In a recent article, researchers discussed how a unique hemoglobin-platelet index (HPI) based on anemia and thrombocytopenia may be used to forecast a patient’s prognosis for diffuse large B-cell lymphoma that was not otherwise specified (DLBCL NOS).

In the study, they evaluated the usefulness of HPI in a fresh validation cohort of 94 patients with DLBCL NOS. As a consequence, they were able to affirm that in the validation cohort, HPI was successful in discriminating between progression-free survival (PFS) and overall survival. So, using a larger sample size of 160 patients, made up of the derivation cohort (n=66) and a validation cohort (n=94), they further compared the utility of HPI with previously reported prognostic markers such as the National Comprehensive Center Network-International Prognostic Index (NCCN-IPI), Glasgow prognostic score (GPS), and platelet-albumin (PA) score.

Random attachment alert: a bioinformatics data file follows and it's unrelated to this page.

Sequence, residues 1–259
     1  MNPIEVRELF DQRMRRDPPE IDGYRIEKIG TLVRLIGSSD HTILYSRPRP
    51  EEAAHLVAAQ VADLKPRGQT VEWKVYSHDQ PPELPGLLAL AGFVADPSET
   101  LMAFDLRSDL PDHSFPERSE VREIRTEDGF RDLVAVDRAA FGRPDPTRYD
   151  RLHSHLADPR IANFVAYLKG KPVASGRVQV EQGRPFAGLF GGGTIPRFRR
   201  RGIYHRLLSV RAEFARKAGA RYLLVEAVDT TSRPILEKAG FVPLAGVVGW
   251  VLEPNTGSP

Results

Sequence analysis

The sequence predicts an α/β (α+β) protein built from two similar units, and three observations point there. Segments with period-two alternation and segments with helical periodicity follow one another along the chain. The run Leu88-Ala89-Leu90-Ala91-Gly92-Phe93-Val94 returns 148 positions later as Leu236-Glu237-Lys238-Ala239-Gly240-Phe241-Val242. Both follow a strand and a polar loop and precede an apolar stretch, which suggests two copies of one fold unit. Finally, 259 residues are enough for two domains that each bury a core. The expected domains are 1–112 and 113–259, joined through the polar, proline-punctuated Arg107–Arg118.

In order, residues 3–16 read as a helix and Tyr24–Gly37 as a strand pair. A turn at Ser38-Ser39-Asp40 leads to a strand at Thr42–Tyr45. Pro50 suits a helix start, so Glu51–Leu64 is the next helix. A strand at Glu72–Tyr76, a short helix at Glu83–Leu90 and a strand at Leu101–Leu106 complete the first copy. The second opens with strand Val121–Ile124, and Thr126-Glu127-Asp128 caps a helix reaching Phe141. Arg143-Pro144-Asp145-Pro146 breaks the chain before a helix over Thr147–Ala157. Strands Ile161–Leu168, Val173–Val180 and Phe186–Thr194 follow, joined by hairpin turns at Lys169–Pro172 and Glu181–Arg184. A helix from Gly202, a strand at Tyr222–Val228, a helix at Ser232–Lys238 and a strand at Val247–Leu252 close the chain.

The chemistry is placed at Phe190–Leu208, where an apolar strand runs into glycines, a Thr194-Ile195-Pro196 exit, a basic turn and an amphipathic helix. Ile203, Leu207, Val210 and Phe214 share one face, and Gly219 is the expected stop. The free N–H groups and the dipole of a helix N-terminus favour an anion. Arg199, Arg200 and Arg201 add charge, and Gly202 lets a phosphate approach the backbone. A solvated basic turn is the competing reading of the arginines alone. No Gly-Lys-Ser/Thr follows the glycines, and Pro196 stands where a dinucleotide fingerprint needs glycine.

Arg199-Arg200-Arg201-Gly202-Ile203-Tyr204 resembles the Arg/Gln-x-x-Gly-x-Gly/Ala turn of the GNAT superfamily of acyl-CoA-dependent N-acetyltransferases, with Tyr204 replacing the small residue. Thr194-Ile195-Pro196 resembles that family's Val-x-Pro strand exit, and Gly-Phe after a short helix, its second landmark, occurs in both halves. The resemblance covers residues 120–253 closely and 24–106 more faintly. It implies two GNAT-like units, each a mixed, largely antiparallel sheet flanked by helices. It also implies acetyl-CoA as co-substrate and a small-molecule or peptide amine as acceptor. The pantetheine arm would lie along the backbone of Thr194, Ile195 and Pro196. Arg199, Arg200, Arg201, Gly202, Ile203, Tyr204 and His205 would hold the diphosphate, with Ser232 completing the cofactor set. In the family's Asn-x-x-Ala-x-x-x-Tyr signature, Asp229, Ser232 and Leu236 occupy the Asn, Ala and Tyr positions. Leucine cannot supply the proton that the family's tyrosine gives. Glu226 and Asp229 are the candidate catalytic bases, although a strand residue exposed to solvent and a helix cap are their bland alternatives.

As a result, patients with higher HPI scores had noticeably poorer outcomes, and HPI independently predicted the prognosis of DLBCL NOS. In predicting PFS, HPI was more accurate than GPS and nearly as accurate as PA score. Additionally, patients with lymphoma cells that were immunohistochemically stained to be positive for interleukin-6 (IL-6) (75/111 cases) had significantly lower hemoglobin levels and platelet counts than IL-6-negative cases (36/111 cases), suggesting that IL-6 produced by lymphoma cells is responsible for anemia and thrombocytopenia in DLBCL NOS patients.